In ‘Bones and All,’ Cannibal Lovers Hit the Road for a Taste of Normal Life

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Black young woman and white young man with their heads together intensely
Taylor Russell (left) as Maren and Timothée Chalamet (right) as Lee in Luca Guadagnino's 'Bones and All.' (Yannis Drakoulidis / Metro Goldwyn Mayer Pictures © 2022 Metro-Goldwyn-Mayer Pictures Inc.)

Mere minutes after Maren (Taylor Russell) and Lee (Timothée Chalamet) meet cute in a small-town supermarket in Nowhere, America, they crash at the trailer home of the unfortunate loudmouth whom Lee, uh, just dined with. A Kiss poster is thumbtacked to the wall and a Kiss album is on the turntable, presumably only because there wasn’t a popular ’70s or ’80s rock band named Chew or Devour.

The young duo at the marrow of Luca Guadagnino’s uneven adaptation of Camille DeAngelis’ 2015 young adult novel Bones and All (opening Nov. 23) share an illness, we are informed. They aren’t vampires, werewolves, zombies or aliens, but they possess a secret, deadly and taboo need that sets them apart and outside of “normal” society.

So when Maren says, more than once, “I didn’t know there was anyone else like me,” she’s speaking for — and to — every teenager. As it happens, her condition is genuinely, exceedingly rare — OK, I’ll spill the (fava) beans, she eats human flesh (clinical diagnosis: cannibalism) — but plainly it’s a metaphor for the common traits, identifiers, behaviors or characteristics that everyone works through on the way to adulthood.

Young Black woman with short bangs on bus with headphones on
Taylor Russell as Maren in 'Bones and All.' (Yannis Drakoulidis / Metro Goldwyn Mayer Pictures © 2022 Metro-Goldwyn-Mayer Pictures Inc.)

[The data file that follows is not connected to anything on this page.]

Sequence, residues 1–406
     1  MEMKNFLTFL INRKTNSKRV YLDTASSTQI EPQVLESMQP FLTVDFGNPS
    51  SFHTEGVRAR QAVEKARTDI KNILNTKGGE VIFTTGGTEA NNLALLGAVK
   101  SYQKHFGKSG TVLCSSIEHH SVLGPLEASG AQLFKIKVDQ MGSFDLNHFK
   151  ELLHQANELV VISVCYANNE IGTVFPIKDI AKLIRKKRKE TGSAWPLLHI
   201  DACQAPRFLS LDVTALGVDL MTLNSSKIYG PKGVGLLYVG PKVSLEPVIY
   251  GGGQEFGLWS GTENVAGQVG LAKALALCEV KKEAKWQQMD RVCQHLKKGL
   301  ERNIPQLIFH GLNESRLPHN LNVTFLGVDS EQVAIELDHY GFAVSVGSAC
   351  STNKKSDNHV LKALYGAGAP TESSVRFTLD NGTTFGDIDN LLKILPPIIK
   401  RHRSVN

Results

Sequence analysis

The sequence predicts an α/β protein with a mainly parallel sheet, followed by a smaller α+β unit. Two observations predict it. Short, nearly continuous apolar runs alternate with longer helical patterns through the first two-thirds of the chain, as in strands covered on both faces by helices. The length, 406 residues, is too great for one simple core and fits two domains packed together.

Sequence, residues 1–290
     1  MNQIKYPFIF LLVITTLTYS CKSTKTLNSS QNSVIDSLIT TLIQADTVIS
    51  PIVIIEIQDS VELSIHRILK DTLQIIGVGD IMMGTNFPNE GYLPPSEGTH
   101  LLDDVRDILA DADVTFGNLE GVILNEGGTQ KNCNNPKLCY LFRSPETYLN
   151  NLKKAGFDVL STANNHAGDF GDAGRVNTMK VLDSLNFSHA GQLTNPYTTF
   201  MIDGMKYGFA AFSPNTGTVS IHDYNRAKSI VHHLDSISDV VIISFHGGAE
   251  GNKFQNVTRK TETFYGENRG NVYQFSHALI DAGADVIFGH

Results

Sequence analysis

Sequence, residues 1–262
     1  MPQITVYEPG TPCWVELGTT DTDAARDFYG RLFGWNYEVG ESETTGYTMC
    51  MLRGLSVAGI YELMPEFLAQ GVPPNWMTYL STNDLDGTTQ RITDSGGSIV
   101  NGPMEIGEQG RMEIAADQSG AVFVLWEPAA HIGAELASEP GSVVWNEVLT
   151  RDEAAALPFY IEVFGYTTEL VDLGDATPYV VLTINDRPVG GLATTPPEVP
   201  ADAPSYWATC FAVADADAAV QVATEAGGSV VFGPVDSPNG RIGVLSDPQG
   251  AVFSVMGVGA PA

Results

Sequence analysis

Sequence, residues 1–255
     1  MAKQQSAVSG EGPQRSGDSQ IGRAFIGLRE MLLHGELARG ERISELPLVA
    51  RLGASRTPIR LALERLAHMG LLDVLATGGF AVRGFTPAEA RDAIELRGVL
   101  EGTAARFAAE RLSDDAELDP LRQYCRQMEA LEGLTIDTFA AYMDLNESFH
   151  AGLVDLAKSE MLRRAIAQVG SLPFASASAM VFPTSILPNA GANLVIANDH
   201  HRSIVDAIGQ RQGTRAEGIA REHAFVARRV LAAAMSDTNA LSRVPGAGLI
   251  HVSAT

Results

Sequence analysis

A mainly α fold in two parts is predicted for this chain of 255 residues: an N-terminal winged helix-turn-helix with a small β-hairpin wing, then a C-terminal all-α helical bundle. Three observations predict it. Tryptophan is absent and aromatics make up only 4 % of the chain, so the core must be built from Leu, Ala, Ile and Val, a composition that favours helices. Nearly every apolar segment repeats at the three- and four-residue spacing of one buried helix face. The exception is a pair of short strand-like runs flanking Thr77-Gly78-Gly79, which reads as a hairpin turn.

In order for Bones and All to work, it has to take the heightened emotional and hormonal urgency of teenagers seriously. (That’s no small challenge given that the typical growing-up process is rife with embarrassment and absurdity.) The film succeeds exceedingly well in this respect, to my eye, but the real measure will be audience sniggering, or the lack of it. I think many will identify with Maren coming to terms with her body and her appetites, her profound sense of dislocation and abandonment, and the unsettling experience of navigating the predatory adult world while relying solely on one’s intuition — and incisors.

The ruthlessness of grown-ups is embodied by Sully (the always terrific Mark Rylance), a demonically soft-spoken Eater (it’s always nice when a movie teaches us new words) who literally sniffs out Maren one evening shortly after she’s left her latest home and taken to the road. Maren precipitated this uneasy chain of events by taking a bite out of an acquaintance at a sleepover — not the best way to make friends at your new school — prompting her caring father to hustle Maren into the car and (not for the first time) make a cover-of-darkness getaway.


A day or two later, Maren wakes up to find Dad has split, leaving a note, some cash and a cassette tape with a bit of family history. This crucial development provides our haunted heroine with a motivation to run toward something — namely, the mother she never knew — that supersedes simply running from the law. When she hooks up with the slightly older Lee, a rambling loner with his own recent bloody trauma, Maren’s familial treasure hunt is on the menu, giving their days direction (literally) and purpose.